– excerpts from the Will of Aquila Hall, 1815. 

Of note, Aquila Hall Junr (5th gen) required that upon the death of his wife, that the enslaved man named Old London would receive a home, farm and income for life, what is known as a life-estate.  There is certainly a great story there, if only we knew it.

While I haven’t looked into slaves held by the other children of the above noted Aquila Hall Junr (5th gen), I have looked into records for his daughter, Susan Hall Hale (6th gen) and her husband, Henry Hale, my 3rd great grandparents.  In the 1820 Federal Census, the family of Henry Hale shows 7 enslaved people; the 1830 Census shows 4; and the 1840 Census shows 4.  And one year later, Henry Hale’s 1841 estate inventory mentions 2:

“One negro man named Ben, about 50 years of age.  Slave for life.  $100

 One negro man, Cate about 65 years old.  Slave for life.  $100”

My 3rd great grandmother, Susan Hall Hale, lived with one of her sons after the death of her husband, Henry Hale in 1841, and until her death in 1858.  That household showed 2 enslaved people in the 1850 Census Slave Schedule:  1 female that was noted to be 113 years old, and 1 male that was noted to be 75 years old.  Due to their age, I expect that they were being taken care of by the family. 

By the 1860 Census, just prior to the beginning of the Civil War, there were no records of any enslaved people in the Hall/Hale branch of the family tree. 

And in 1861, a grandson of Susan Hall Hale (6th gen) died fighting for the Union in one of the early battles of the Civil War, the First Battle of Bull Run.  Henry Philip Hale died at only 18 years of age.  [see June 20, 2020 blog post, ”Young Life Lost at Bull Run”, and November 6, 2020 blog post, “Letters Home in 1861”]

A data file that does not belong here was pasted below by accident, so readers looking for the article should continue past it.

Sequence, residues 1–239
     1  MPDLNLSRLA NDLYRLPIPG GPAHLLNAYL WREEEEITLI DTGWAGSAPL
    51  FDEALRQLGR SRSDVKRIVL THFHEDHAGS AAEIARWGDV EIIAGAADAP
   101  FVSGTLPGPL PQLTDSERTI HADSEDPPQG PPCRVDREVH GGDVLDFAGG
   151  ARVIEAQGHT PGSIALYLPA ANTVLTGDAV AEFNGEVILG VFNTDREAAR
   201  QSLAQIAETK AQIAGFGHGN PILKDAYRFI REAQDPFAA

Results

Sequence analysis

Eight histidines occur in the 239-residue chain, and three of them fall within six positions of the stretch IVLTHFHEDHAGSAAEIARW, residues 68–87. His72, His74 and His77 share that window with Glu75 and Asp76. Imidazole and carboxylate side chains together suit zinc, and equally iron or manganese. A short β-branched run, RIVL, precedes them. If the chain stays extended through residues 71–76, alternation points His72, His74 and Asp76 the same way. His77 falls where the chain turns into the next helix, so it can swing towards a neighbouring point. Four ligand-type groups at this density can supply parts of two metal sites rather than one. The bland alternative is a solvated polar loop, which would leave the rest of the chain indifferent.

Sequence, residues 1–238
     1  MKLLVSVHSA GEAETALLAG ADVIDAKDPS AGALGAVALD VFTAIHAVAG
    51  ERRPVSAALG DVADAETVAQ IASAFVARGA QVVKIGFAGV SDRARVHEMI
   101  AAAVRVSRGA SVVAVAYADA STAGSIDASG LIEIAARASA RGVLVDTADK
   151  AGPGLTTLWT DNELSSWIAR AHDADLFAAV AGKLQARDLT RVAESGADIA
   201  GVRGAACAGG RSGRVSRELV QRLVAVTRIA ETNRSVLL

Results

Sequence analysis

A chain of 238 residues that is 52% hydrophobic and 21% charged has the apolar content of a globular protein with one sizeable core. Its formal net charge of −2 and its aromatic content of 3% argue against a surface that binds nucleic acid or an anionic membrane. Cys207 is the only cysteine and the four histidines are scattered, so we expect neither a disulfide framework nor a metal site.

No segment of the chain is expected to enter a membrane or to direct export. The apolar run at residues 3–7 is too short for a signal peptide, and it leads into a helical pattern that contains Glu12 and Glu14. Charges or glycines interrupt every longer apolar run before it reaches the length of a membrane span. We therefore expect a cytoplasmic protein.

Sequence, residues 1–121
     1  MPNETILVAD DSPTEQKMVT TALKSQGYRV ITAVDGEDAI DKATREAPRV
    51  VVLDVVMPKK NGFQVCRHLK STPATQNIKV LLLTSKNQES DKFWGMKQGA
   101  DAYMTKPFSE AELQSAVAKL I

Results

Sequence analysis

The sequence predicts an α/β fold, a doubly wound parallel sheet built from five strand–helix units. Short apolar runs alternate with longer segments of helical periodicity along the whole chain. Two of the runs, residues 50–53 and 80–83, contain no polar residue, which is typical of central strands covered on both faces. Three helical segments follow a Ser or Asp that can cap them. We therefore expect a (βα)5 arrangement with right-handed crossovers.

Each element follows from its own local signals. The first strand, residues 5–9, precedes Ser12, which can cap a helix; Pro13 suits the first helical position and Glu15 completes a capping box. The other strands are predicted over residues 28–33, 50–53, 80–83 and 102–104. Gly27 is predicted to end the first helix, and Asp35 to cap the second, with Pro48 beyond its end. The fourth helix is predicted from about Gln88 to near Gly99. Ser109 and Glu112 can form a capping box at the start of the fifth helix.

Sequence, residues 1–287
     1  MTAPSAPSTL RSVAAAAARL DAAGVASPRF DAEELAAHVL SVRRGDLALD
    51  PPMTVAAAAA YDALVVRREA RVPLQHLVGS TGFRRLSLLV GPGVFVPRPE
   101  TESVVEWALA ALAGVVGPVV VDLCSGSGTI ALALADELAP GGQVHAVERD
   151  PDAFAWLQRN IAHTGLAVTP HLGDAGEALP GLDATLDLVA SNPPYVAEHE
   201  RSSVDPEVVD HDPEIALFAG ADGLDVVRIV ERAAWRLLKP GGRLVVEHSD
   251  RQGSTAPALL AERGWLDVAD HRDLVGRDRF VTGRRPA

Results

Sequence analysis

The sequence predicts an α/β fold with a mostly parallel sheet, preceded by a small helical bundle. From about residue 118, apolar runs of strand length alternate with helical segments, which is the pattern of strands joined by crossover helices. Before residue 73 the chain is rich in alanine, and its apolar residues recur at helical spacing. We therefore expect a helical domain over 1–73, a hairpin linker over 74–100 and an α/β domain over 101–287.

*  *  *  *  *

Key individuals:

John Hall (1st gen)   (1624 – 1660)

John Hall (2nd gen)   (1658 – 1737)

Aquilla Hall (3rd gen)   (1699 – 1728)

John Hall (4th gen)   (1722 – 1768)

Aquila Hall Junr (5th gen)   (1750 – 1815)

Susan Hall Hale (6th gen)   (1778 – 1858)

Henry Hale  (1755 or 1773 – 1841)


I apologize for the abundance of John Hall’s and Aquilla/Aquila Hall’s in this blog post, as I know that it makes it difficult to read.  However, it was an era when families would often use and reuse the same names, as did many cousins, aunts and uncles, which can be a real challenge for a genealogist. The immigrant, and first John Hall, is my 8th great grandfather, and so on down to Susan Hall Hale who was my 3rd great grandmother.

John Hall (2nd gen) (1658-1737) was the High Sherriff of Baltimore County in 1692.  He was also the Baltimore Deputy Commissioner in 1698 holding that office until around 1704; and he was a delegate to The General Assembly of Maryland from Baltimore in 1699-1702. 

And Aquila Hall Junr (5th gen) (1750 – 1815) was a signer of the Bush Declaration, a resolution adopted on March 22, 1775 in Harford, Maryland, declaring support for the Patriot cause at the beginning of the American Revolution. [see July 3, 2020 blog post, "Path to Independence"]

My next blog post will be the story of another branch of my family that was involved in anti-slavery efforts including the Underground Railroad in Maine assisting slaves in route to Canada for their freedom in the mid-1800's.

 – Jane Scribner McCrary

John Howland overboard on the Mayflower